AI News, How robots are being inspired by insects

How robots are being inspired by insects

However, a key limitation of most robots is the fact that they are only able to perform one repetitive task, such as picking an item from a bin and placing it on a conveyor belt or drilling holes according to a preset pattern.

In recognition of this limitation, researchers in the emerging field of adaptive robotics are focusing their attention on how robots can be made more adaptable—and using mechanical engineering principles to create cutting-edge devices capable of reconfiguring themselves to carry out a number of different functions.

For example, a multi-purpose drone used to inspect energy infrastructure like offshore oil platforms or wind turbines could be equipped with gripping technology that enables it to perch on structures and conduct closer analysis in high winds—as well as waterproofing capabilities and propulsion technology that enables it to perform foundation inspections beneath the ocean surface.

To enable such adaptive robots, Zhao reveals that he has adopted a range of cutting-edge mechanical engineering technologies, including mechanism and machine design, computer-aided design, additive manufacturing (3-D printing), kinematics and dynamics modeling, finite element analysis and mechatronics.

As part of this work, the team has used synchrotron X-rays at the advanced proton source in Argonne National Laboratory to investigate the internal latch—or quick release—mechanism of the insect and demonstrated how a combination of hinge morphology and mechanics facilitates a unique clicking mechanism.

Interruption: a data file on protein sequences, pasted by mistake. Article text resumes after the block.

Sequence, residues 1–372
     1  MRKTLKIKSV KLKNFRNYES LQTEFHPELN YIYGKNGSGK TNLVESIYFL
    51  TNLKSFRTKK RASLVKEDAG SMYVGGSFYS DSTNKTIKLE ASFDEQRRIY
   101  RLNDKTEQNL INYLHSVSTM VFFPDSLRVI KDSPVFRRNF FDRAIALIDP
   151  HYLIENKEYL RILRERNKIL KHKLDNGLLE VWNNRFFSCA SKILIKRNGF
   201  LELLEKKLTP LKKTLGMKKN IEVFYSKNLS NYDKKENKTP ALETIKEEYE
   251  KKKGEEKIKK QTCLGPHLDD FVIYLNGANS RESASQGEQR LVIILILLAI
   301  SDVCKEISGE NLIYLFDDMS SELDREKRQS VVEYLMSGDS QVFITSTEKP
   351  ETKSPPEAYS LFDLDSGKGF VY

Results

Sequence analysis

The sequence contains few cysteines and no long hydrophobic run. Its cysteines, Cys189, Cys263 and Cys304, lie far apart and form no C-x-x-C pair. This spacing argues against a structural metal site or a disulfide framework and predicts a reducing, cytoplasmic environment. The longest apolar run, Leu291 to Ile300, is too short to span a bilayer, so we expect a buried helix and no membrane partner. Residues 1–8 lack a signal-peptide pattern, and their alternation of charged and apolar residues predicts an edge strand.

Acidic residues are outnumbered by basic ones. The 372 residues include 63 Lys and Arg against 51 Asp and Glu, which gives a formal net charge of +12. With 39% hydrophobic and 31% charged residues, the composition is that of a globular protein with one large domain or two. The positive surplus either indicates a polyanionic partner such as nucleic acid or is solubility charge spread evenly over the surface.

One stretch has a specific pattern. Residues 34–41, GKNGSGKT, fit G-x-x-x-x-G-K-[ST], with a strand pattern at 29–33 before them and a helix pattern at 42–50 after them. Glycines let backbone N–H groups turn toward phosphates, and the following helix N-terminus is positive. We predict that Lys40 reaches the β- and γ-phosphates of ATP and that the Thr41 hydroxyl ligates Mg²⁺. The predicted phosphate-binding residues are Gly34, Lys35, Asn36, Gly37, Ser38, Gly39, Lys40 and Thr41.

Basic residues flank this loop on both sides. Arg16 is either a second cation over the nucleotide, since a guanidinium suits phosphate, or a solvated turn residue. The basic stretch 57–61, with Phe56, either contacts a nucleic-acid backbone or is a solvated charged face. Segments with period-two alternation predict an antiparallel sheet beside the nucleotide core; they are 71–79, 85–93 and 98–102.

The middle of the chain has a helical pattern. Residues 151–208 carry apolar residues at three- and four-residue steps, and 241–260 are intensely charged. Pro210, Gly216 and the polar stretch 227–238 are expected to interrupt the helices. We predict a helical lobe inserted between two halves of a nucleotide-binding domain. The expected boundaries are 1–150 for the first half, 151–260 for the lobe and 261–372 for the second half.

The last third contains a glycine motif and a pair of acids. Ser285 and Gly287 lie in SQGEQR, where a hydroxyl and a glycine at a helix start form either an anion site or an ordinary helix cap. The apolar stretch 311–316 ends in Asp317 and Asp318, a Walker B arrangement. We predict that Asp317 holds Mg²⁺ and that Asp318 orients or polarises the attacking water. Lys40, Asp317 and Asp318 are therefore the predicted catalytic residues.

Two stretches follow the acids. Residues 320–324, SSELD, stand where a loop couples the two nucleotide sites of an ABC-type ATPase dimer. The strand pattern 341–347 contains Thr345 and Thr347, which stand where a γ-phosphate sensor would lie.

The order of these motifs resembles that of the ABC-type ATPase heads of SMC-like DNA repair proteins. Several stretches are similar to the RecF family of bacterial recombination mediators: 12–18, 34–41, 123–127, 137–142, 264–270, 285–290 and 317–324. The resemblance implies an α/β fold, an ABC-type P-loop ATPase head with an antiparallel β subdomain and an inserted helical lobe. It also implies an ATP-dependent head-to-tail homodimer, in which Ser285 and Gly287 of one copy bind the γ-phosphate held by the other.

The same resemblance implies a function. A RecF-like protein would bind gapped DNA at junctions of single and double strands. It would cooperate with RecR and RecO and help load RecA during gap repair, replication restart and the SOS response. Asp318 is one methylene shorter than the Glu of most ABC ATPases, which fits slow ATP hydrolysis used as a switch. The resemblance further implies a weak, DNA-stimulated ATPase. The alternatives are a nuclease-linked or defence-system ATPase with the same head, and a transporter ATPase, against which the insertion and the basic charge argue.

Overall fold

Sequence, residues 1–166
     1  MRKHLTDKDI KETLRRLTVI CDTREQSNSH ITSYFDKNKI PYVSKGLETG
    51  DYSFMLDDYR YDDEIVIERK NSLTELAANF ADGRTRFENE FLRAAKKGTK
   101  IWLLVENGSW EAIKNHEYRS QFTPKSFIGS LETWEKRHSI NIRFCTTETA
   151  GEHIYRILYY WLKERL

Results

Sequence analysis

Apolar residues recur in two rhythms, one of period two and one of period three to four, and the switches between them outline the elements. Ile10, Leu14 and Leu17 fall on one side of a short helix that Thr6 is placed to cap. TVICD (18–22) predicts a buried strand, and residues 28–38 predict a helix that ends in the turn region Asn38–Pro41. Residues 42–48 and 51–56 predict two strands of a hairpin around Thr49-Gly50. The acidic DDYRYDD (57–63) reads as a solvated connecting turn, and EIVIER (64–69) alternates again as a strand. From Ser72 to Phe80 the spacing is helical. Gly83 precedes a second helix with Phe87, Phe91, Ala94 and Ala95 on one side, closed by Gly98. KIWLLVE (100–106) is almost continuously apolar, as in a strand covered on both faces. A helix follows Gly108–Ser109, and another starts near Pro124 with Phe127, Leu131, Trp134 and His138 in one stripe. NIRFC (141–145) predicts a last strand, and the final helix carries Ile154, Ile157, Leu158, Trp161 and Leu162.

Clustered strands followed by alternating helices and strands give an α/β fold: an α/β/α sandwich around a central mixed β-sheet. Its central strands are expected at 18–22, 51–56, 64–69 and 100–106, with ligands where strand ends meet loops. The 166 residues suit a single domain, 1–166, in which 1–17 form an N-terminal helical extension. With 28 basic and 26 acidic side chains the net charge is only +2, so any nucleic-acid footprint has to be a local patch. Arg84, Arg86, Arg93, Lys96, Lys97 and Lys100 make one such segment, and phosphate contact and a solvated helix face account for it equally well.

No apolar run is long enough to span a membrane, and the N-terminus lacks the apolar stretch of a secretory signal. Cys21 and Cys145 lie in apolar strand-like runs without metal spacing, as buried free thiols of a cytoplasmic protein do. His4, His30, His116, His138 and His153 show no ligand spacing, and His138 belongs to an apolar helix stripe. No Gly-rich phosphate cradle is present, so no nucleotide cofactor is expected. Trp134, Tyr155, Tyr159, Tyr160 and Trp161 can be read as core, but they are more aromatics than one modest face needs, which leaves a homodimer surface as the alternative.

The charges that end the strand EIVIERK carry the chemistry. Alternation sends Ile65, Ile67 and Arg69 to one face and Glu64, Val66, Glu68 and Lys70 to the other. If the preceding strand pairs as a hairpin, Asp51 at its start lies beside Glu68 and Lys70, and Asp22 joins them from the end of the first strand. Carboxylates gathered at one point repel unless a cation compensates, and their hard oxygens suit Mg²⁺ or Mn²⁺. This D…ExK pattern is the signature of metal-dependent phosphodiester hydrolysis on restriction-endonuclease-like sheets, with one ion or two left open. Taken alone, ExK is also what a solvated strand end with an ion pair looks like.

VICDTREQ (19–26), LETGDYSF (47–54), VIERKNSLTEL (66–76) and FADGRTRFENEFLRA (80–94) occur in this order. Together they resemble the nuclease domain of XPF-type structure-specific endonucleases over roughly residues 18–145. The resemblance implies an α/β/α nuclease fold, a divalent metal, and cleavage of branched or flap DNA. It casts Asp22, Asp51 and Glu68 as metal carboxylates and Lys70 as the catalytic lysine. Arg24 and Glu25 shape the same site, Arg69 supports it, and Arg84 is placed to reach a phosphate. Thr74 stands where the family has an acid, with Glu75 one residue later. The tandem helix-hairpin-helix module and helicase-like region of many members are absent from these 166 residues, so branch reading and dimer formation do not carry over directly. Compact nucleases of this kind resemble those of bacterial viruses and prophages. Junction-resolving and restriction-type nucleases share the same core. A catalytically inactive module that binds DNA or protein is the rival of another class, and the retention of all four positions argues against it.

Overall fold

As Aimy Wissa, assistant professor in the mechanical science and engineering department and head of the Bio-inspired Adaptive Morphology Lab at the University of Illinois Urbana-Champaign, explains, the research builds on work exploring the click beetles' legless self-righting jumping mechanism.

By investigating the physics of the creature's jump, the Illinois team were able to develop an autonomous self-righting robot—focusing in particular on the scaling laws between the beetle species and the influence of the insect's mass ratio on its jump.

'Quickly we realized that click beetles belong to a class of organisms who use 'power amplified' motion strategies—they use elastic storage elements to store energy and release it at a much faster rate than muscles can.

During the take-off phase, the creature was also modeled as a slider-crank mechanism that is actuated at the hinge point—and Lagrangian dynamics were used as part of a preliminary two-mass model to simulate the rotational and translational motion observed by the insect while airborne.

He also expects the small size to enable low cost and economical production, opening up the possibility of deploying them for specific niche applications and to 'automatically form mobile sensor networks and work collaboratively to accomplish given tasks.'

In an effort to address the first challenge, Zhao explains that researchers can leverage novel materials that require less energy to change the stiffness, such as low melting point alloys, which change from a rigid state to a soft state at lower temperatures.

To address the second challenge, he reveals that academics can develop theoretical frameworks to predict all the possible reconfigurations for a given design, and then 'leverage computational simulations to synthesize a design to achieve desired configurations.'